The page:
Type 1 diabetes accounts for about 5-10% of diagnosed diabetes in the United States. Type 1 diabetes develops most often in children and young adults, but the disorder can appear at any age. Symptoms of type 1 diabetes usually develops over a short period, although beta cells destruction can begin years earlier. Symptoms include increased thirst and urination, constant hunger, weight loss, blurred vision, and extreme fatigue. If not diagnosed and treated with insulin, a person can lapse into an life-threatening diabetic coma, also known as diabetic. (NIDDK) Type 2 Diabetes The most common form of diabetes is type 2 diabetes.
About 90-95% of people with diabetes have type 2. This form of diabetes usually develops in adults age 40 and older and is most common in adults over age 55. About 80% of people with type 2 diabetes are overweight. Type 2 diabetes is often part of a metabolic syndrome that includes obesity, elevated blood pressure, and high levels of blood lipids.
Unfortunately, as more children become overweight, type 2 diabetes is becoming more common in young people. When type 2 diabetes is diagnosed, the pancreas is usually producing enough insulin, but, for unknown reasons, the body cannot use the insulin effectively, a condition called insulin resistance. After several years, insulin production decreases. The result is the same as for type 1 diabetes-glucose builds up in the blood and the body cannot make efficient use of its main source of fuel. The symptoms of type 2 diabetes develop gradually.
They are not as sudden in onset as in type 1 diabetes. Some people have no symptoms. But some may include fatigue or nausea, frequent urination, unusual thirst, weight loss, blurred vision, frequent infections, and slow healing of wounds or sores. (Cleveland Clinic) Gestational Diabetes Gestational diabetes develops only during pregnancy. Like type 2 diabetes, it occurs more often in African American, American Indians, Hispanic Americans, and people with a family history of diabetes. Though it usually disappears after delivery, the mother is at increased risk of getting type 2 diabetes later in life.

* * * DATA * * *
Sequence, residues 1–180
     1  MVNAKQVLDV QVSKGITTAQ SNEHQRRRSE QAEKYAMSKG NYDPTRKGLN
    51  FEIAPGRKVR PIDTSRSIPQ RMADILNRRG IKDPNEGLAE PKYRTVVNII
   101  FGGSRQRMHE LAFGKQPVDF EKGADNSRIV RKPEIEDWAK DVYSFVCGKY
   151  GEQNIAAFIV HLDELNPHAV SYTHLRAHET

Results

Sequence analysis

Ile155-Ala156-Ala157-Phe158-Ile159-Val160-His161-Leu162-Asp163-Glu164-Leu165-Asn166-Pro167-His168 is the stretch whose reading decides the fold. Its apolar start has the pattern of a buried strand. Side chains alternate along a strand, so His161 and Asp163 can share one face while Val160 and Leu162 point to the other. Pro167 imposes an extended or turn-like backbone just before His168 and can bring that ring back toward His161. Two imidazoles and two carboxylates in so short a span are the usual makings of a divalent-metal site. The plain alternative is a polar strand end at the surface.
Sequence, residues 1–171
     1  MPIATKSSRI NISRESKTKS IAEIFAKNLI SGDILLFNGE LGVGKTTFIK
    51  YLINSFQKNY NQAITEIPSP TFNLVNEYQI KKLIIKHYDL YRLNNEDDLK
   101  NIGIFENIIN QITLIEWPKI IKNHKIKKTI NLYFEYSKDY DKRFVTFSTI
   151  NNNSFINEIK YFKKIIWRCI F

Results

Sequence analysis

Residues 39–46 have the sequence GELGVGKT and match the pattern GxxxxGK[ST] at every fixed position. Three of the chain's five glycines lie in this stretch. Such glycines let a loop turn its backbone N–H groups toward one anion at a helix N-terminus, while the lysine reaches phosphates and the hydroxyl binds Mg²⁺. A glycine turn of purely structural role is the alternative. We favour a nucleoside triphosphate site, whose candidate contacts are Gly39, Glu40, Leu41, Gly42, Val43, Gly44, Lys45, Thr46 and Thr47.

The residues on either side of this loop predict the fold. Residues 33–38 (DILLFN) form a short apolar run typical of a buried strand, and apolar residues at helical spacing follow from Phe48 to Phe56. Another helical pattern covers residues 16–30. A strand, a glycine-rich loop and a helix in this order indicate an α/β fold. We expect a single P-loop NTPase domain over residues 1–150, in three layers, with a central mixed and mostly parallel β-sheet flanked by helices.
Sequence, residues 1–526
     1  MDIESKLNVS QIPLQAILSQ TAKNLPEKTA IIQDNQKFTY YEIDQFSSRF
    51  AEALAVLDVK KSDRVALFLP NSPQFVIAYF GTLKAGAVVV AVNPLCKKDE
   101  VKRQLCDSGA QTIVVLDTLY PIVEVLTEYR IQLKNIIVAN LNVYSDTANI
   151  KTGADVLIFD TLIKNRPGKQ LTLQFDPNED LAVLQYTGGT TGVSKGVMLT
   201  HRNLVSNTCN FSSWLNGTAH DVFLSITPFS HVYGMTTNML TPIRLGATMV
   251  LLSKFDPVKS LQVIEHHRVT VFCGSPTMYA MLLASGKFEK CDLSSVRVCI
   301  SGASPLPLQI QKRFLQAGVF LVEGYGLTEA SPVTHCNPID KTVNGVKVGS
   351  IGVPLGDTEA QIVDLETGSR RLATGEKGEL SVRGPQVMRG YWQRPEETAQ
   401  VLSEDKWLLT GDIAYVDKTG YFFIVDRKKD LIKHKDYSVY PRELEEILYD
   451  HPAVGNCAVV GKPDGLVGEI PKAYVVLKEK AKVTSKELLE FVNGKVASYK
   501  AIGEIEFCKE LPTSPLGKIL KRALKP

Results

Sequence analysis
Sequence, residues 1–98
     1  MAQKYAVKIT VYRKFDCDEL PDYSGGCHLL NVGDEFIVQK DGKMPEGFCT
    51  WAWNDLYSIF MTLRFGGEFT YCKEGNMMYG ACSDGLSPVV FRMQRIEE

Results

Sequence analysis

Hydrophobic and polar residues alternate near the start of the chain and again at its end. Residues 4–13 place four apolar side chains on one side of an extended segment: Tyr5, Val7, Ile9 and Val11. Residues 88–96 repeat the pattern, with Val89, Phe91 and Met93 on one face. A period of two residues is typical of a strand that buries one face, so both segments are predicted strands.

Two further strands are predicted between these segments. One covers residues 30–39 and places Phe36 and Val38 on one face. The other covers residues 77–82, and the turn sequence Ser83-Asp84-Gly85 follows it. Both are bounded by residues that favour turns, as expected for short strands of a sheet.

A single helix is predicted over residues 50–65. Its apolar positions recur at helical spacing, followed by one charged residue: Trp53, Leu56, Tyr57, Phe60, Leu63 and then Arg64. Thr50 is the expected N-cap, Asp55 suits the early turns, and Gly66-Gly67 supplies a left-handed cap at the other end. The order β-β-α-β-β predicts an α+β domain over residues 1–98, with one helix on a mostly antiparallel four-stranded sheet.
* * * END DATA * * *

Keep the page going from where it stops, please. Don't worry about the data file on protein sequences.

(Cleveland Clinic) What are the scope and impact of diabetes? Diabetes is widely recognized as one of the leading causes of death and disability in the United States. According to death certificate data, diabetes contributed to the deaths of more than 193,140 people in 1996. Diabetes is associated with long-term complications that affect almost every part of the body.
The disease often leads to blindness, heart and blood vessel disease, strokes, kidney failure, amputations, and nerve damage. Uncontrolled diabetes can complicate pregnancy, and birth defects are more common in babies born to women with diabetes. Diabetes cost the U. S nearly $98 billion in 1997. Indirect costs, including time lost from work along with disability payments and premature death totaled about $54 billion; direct medical costs for diabetes care, including treatment supplies, medical care and patients hospitalizations totaled $44 billion. (NIDDK) What are the risk factors for diabetes? Although the causes of diabetes are unknown, the following risk of factors may increase your chance of developing diabetes: Family history.